I don’t know why I started keeping a diary, except I remember the need to get organised and originally just kept it for arrangements and appointments. These of course, were mainly for Max, keeping track of his numerous hospital and doctors appointments, not to mention the ones for the solicitors who were fighting his court case.
We had embarked on suing the hospital for his failed back operations. I needed to have them in my diary because I went with him to most of them, in my role of the dutiful and supportive wife. I spent endless hours trawling through medical records and writing long and detailed emails to his solicitor. This was in addition to working full time (I was the breadwinner) running the home, sorting out the finances and supporting the children, not to mention walking the numerous dogs he had collected when he was too ill to manage and virtually worshipping the ground he walked on.
But then, as the storm clouds gathered over my marriage, I started scribbling about how I was feeling and found it a useful tool in coping with the day to day nightmare that my life had become. Relegated into the spare room on some pretence by my husband of eighteen years, accepting the insult because “he was ill” and “needed more space” I comforted myself with scrawling in the book and reading the whole collection of Harry Potter books one after the other. It was escapism at its best and boy did I need to escape!!
Writing the anecdotes in my diary just seemed to help. From my window I could see a huge pine tree in the woods beyond and I would stare at the tree for hours dreaming of the day when Max and I would be back on even ground. I found the view calming as it stood still and strong in all weathers, just like me I thought, it was a symbol of being resilient in the face of adversity. Ironic then, that when the marital home had to be sold for the divvy- up, the only view I could afford was the terraced house opposite and the local Co-operative.
Said husband of course would be surrounded by pine trees and views in his new life in the country. They say “you covet that which you see every day” and whilst I was coveting the pine tree he was coveting the woman who lived next door. This of course was the real reason I was seconded to the spare room and it would seem that the coveting had gone on for some years!
The discovery of this betrayal left me incandescent with rage. The rage, although directed firmly in his direction and also in the direction of “her next door” was partly turned in on myself. How could I have been so stupid as not to have known? Was I blind? Was I naïve? I berated myself for days, kicking myself all the way up the garden path that divided our two houses. Of course I was none of those things, but there is none as blind as those that cannot see and I couldn’t see it even though it was right under my nose. I had had my suspicions and my woman’s intuition had been telling me that there was something badly wrong, but they had been very, very clever.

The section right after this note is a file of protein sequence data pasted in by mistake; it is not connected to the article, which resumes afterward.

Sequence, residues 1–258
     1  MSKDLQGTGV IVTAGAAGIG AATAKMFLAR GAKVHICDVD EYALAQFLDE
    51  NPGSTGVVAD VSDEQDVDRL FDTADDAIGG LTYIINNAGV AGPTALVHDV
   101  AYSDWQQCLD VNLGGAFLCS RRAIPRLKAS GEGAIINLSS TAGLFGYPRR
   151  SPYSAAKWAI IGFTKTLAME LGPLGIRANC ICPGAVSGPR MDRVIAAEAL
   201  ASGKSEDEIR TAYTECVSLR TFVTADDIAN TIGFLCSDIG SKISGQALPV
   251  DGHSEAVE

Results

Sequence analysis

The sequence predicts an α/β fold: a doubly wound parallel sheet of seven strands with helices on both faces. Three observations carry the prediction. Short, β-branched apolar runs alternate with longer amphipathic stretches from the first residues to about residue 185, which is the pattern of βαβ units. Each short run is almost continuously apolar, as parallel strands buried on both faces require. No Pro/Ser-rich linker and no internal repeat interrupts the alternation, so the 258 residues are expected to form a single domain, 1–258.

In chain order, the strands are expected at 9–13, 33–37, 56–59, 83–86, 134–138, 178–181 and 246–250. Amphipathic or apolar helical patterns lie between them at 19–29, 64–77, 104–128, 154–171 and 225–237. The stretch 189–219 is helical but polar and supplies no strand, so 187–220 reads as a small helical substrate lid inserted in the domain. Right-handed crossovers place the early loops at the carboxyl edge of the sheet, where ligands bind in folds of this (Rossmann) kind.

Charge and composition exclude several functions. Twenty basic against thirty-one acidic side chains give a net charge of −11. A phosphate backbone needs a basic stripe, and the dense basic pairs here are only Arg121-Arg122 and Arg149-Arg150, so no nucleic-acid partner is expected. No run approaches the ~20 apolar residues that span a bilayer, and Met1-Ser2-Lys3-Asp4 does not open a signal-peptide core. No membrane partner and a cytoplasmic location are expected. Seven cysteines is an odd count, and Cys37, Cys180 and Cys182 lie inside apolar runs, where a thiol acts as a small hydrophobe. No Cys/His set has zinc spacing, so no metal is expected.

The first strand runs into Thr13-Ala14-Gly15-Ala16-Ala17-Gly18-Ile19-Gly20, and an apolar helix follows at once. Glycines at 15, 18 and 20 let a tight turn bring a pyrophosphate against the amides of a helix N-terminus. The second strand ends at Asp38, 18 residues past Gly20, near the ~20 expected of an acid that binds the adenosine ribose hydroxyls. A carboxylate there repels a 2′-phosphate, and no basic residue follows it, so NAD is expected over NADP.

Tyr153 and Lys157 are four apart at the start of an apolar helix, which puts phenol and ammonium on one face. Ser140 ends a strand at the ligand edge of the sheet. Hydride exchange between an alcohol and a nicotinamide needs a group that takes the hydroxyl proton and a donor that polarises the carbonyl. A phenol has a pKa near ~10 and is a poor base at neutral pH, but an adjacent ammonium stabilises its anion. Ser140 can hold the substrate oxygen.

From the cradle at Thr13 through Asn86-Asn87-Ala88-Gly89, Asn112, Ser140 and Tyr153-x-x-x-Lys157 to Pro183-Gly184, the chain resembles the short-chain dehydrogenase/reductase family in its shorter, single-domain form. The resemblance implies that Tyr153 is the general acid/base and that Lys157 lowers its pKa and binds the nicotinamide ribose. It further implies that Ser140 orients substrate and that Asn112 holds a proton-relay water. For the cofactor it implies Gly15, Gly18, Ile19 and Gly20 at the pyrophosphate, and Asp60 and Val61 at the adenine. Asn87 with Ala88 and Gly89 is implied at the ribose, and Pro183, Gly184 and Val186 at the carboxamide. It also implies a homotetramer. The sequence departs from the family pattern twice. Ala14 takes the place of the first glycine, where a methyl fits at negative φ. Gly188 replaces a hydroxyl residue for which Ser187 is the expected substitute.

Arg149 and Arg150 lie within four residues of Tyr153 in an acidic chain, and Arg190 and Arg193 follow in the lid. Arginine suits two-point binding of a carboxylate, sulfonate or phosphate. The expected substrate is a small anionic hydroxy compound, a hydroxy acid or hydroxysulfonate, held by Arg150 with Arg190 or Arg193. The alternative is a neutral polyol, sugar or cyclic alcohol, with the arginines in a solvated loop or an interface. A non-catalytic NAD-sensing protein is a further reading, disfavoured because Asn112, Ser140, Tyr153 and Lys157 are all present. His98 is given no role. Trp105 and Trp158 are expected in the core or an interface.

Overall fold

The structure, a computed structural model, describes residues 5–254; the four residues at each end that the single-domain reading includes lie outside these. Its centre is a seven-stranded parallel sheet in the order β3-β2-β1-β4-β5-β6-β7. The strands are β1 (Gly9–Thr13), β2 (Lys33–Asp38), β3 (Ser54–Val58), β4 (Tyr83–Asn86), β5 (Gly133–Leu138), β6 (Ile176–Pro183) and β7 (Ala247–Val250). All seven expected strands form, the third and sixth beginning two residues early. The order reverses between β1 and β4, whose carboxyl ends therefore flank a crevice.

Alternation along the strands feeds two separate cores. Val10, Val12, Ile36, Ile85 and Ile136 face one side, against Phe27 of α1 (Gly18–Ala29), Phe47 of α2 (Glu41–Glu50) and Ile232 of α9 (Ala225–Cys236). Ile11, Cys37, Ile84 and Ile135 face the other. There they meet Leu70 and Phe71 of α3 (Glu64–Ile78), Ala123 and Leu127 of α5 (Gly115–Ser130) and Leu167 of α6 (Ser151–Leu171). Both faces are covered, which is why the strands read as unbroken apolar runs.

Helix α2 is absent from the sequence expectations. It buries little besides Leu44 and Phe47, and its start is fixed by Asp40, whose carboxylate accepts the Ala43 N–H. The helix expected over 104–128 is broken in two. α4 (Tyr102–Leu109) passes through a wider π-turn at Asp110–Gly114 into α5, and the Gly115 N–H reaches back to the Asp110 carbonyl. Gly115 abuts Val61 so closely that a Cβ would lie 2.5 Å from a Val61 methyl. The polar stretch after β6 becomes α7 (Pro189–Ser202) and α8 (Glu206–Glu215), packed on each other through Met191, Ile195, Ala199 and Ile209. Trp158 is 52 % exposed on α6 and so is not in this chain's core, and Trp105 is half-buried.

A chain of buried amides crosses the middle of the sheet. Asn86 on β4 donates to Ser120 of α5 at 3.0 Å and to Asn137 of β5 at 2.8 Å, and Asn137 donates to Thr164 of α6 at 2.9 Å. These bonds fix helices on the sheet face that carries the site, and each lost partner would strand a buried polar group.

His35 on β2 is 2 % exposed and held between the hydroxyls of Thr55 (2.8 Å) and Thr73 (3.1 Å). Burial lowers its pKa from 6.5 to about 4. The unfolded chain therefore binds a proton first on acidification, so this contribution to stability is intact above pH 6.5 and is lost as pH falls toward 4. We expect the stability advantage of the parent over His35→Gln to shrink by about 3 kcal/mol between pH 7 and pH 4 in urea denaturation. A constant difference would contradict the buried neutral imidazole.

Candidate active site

My delightful husband never ever went out in the evenings. In the last five years and due to his repeated back operations he laid upstairs watching TV night after night and had only gone out a mere handful of times. How then had this affair been conducted and when? The answer was obvious, during the day, whilst I and her extremely hard-working husband were out earning a crust. (My husband was disabled out and she worked very part-time.) They must have been sharing lots of “afternoon delight”. I must admit, I had wondered why he kept getting repeat prescriptions for Viagra, something he had been given ad lib due to his spinal damage. He certainly wasn’t giving me the benefit of them but I was naively hoping he was stockpiling them to use with me at a later date or maybe selling them to his mates. God! How stupid was I? The amount of barefaced lies he must have told me should be recorded in the Guinness Book of Records.
The revelations left me on my knees. I ranted when he told me he was going off to his new country life with her (something I’d always dreamed about, and I still to this day cannot watch ‘Escape to the Country’) I screamed when he told me that it had been going on over five years. I fought with him and I slapped her and then I felt a great deal better.
Once the storm had subsided I drew a sharp intake of breath and evaluated my position. So this was it! I was going to be on my own, a middle aged woman, loyal wife for eighteen years through lots of sickness and not much health. Thrown on the rubbish heap of singledom, alone and bloody terrified! I gave myself a good talking to and decided that this terrible betrayal was not going to beat me. Quoting to myself an adage that I’d read somewhere “It’s not what life throws at you, it’s how you handle it that counts”. I decided that I was not only going to handle it I was going to wrestle it into submission.
Resplendent in a red dress, with high heels to match, and glass of champagne in hand, I supervised his removal from my life and into the waiting van. I asked sarcastically “Now have you got everything?” His response was a steely glare. I smiled sipping my champagne as the leather chesterfield that he had humbly asked if he could take left the house and giggled loudly as it was loaded onto the van. I had been kind enough to buy him and his new squeeze a house warming present. It was a hot June day and the “present” should be warming nicely in the springs of the family chesterfield. I wonder how long it will take them to find that nice piece of haddock?
The thought of it rotting away and them franticly trying to find the source of the smell gave me a great deal of comfort in the days that followed as did the arms of a rather gorgeous toyboy or two. Now this is where my diary entries become much more interesting…..
For the naughty stuff buy my story ‘Sex and the Signposts’ available on Amazon in paperback and for kindle. On special offer for Xmas…..